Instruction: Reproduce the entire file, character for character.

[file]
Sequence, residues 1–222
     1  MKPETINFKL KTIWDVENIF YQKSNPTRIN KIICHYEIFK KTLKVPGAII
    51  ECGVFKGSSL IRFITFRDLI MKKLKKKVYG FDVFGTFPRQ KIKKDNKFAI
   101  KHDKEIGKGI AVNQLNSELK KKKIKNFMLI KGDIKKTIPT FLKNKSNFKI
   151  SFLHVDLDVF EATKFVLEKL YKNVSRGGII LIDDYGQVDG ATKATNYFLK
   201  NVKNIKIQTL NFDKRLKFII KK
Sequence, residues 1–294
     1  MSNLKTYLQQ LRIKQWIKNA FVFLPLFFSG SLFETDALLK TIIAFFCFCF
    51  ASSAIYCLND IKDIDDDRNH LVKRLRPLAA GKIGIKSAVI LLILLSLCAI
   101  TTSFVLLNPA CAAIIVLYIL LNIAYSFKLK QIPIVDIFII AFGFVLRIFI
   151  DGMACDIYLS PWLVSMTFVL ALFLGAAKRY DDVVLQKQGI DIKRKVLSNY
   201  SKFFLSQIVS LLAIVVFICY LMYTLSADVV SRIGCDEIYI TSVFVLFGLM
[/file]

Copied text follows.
Sequence, residues 1–222
     1  MKPETINFKL KTIWDVENIF YQKSNPTRIN KIICHYEIFK KTLKVPGAII
    51  ECGVFKGSSL IRFITFRDLI MKKLKKKVYG FDVFGTFPRQ KIKKDNKFAI
   101  KHDKEIGKGI AVNQLNSELK KKKIKNFMLI KGDIKKTIPT FLKNKSNFKI
   151  SFLHVDLDVF EATKFVLEKL YKNVSRGGII LIDDYGQVDG ATKATNYFLK
   201  NVKNIKIQTL NFDKRLKFII KK
Sequence, residues 1–294
     1  MSNLKTYLQQ LRIKQWIKNA FVFLPLFFSG SLFETDALLK TIIAFFCFCF
    51  ASSAIYCLND IKDIDDDRNH LVKRLRPLAA GKIGIKSAVI LLILLSLCAI
   101  TTSFVLLNPA CAAIIVLYIL LNIAYSFKLK QIPIVDIFII AFGFVLRIFI
   151  DGMACDIYLS PWLVSMTFVL ALFLGAAKRY DDVVLQKQGI DIKRKVLSNY
   201  SKFFLSQIVS LLAIVVFICY LMYTLSADVV SRIGCDEIYI TSVFVLFGLM